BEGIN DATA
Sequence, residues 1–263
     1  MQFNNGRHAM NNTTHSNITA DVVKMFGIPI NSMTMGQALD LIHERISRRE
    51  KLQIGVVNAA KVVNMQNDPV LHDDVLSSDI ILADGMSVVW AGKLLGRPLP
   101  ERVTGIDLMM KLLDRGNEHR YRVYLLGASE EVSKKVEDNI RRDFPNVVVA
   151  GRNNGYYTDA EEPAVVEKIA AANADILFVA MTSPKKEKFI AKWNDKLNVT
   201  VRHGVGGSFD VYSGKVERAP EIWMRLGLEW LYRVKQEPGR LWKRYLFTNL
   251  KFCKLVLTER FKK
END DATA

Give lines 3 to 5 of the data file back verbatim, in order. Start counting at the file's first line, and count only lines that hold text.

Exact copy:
    51  KLQIGVVNAA KVVNMQNDPV LHDDVLSSDI ILADGMSVVW AGKLLGRPLP
   101  ERVTGIDLMM KLLDRGNEHR YRVYLLGASE EVSKKVEDNI RRDFPNVVVA
   151  GRNNGYYTDA EEPAVVEKIA AANADILFVA MTSPKKEKFI AKWNDKLNVT